MISSOULA – Nearly nine in 10 surveyed Montanans said they have visited a Montana state park and the majority are in search of public trails, according to a new report from the Institute for Tourism and Recreation Research at the University of Montana.
The study was undertaken to assist the Montana Parks in Focus Commission to better understand the extent residents use state parks and which outdoor amenities they seek.
The new report finds Montana residents who visit state parks visited 2.81 different state parks on average in the past year. Sixty-seven percent of all surveyed visitors say they use parks primarily for day use. Meanwhile, 22 percent of surveyed residents prefer to use state parks for overnight use, and 11 percent indicated they don’t use state parks. The top amenities desired by resident state park users are picnic shelters, swimming areas, education/interpretive programs and visitor centers, with trails being the most frequently cited.
“Understanding what the resident state park user desires in their parks is paramount to a successful park system,” said Dr. Norma Nickerson, director of ITRR. “The most frequently cited amenity was public trails. However, age plays a role in the intensity that Montanans desire trails.”
The study split the Montana population into three adult-age categories: 18-35, 36-55, and 56 and older.
“What we found is that the middle age group could be called the ‘average,’ but the other two age categories basically want and require some very different amenities,” Nickerson said.
Everyone wants trails, but when looking at overnight visitors to Montana State Parks, 95 percent of the 18-35 year olds want trails, 88 percent of the 36-55 age group want trails, while 77 percent of Montanans 56 and older want trails. That is an 18 percent “desire” range for trails from the younger age group compared to the older age group.
When it comes to spending the night in a state park, 85 percent of the younger group said they wanted tents sites but only 42 percent of the older age group wanted tent sites. Meanwhile, only 40 percent of the younger age group said they wanted RV sites while 76 percent of the older group would like RV sites. While WiFi was generally the least desired amenity in state parks, 36 percent of older overnight visitors said they wanted WiFi, 26 percent of the middle age group wanted it, but only 19 percent of the younger overnight visitors said WiFi was a desired amenity.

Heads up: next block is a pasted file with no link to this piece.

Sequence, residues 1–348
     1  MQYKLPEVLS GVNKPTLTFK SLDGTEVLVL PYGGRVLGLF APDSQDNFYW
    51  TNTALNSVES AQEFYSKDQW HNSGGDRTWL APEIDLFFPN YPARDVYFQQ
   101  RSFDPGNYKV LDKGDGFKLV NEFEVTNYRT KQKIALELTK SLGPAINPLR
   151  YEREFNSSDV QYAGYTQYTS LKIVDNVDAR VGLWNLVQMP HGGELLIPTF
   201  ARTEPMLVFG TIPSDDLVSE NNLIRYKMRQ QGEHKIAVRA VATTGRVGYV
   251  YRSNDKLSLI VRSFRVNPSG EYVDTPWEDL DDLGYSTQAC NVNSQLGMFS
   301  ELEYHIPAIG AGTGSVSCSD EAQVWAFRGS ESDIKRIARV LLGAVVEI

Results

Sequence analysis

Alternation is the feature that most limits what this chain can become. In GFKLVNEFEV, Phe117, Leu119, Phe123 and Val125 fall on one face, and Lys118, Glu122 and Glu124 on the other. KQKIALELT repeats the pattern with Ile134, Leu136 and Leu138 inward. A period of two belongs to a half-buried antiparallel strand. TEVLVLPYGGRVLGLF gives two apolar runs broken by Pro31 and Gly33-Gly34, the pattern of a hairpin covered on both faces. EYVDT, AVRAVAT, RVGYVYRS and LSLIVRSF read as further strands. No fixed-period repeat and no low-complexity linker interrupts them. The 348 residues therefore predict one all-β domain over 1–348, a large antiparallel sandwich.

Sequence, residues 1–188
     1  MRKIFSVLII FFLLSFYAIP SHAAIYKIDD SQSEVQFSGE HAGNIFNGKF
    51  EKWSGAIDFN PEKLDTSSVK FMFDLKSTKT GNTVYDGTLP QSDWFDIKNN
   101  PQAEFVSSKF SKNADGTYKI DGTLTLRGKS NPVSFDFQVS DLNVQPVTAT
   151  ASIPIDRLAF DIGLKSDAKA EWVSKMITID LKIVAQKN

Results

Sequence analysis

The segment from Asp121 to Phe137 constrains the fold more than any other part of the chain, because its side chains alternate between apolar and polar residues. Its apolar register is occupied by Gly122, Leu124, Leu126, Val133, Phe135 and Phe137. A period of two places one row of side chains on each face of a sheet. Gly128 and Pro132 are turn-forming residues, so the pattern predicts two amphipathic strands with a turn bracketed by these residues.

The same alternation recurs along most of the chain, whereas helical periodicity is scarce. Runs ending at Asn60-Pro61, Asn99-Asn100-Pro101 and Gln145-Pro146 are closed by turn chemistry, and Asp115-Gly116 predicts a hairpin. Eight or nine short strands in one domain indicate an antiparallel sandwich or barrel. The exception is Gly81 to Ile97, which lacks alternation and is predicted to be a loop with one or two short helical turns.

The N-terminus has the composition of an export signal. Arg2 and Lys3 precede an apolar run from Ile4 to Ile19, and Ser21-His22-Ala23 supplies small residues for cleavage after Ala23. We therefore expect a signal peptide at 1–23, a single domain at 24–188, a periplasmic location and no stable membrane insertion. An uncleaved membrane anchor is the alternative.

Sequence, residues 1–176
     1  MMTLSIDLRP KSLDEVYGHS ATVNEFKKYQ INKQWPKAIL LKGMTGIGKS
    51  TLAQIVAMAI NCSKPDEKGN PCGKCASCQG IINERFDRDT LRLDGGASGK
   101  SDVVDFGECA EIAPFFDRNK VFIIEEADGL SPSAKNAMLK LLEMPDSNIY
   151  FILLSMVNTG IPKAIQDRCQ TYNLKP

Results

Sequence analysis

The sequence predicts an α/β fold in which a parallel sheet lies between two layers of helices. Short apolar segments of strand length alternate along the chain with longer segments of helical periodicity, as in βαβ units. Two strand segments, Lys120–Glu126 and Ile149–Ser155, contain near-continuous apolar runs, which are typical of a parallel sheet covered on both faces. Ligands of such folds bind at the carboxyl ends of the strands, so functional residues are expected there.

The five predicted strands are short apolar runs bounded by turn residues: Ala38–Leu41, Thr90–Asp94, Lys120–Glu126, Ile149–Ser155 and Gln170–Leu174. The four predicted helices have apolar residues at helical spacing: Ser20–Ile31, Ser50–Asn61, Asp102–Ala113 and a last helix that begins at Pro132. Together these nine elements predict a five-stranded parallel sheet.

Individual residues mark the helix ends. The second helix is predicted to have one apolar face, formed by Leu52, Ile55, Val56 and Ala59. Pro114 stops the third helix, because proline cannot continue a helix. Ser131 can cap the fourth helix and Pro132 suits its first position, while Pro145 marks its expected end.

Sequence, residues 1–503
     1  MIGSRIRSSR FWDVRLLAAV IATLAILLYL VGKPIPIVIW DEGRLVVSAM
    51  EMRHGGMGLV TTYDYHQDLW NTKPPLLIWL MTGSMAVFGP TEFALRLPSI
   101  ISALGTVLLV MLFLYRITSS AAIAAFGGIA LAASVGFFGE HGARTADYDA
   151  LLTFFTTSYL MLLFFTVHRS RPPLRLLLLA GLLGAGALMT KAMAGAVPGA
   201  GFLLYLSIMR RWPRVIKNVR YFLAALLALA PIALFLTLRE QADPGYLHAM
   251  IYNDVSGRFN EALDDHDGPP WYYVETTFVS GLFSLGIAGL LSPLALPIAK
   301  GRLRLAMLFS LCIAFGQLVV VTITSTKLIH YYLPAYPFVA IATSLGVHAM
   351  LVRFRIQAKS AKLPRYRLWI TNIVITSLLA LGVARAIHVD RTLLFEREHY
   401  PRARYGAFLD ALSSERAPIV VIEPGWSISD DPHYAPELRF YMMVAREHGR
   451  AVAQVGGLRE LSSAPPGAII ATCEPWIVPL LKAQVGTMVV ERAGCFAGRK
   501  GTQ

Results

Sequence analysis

Age group differences did occur among day users, but those differences were not as stark. The only significant differences were that younger Montanans were 20 percent more likely to want swimming areas and 15 percent more likely to want playgrounds over the older age category. The data also show little to no difference between residents who live in in the more mountainous (western) part of the state with those who live in the less mountainous (eastern) part of the state.
Ben Alexander staffs the Montana Parks in Focus Commission and says the information will be extremely valuable as the commission works to develop enduring recommendations to strengthen Montana’s overall state park system.
“We wanted to find out what Montanans across the state are looking for when they visit state parks so we can build the park system that delivers the best park experience to most residents,” Alexander said. “It is not surprising trails are in high demand, as they offer a way to experience our natural, historical and recreational parks, while also connecting our parks to nearby towns and surrounding public lands. There is something magic in the way parks connect us all, and trails appear to do that for most state park visitors.”
Nickerson, who also serves on the Parks in Focus Commission, says that although trails are the most popular, state parks need to ensure a variety of recreational experiences are offered for all visitor age groups.
“The message this study sends is that there are common types of outdoor infrastructure that most Montanans are looking for and that we should be providing, but that we also should be cognizant of differences in age and activity type when making decisions on funding or policy decisions,” Nickerson said. “It is so easy to get the average and call it good. In the case of this study, the average could be the 36-55 age group. We also need to consider the needs of younger and older Montanans.”
The ITRR study surveyed 6,193 Montanans ages 18 and older who were intercepted at gas stations and rest areas throughout the state from April through mid-June 2018. The data were weighted to represent Montana’s population and gender.
More information on the study is available at https://scholarworks.umt.edu/itrr_pubs/372/. All information and reports published by ITRR are available online at http://www.itrr.umt.edu.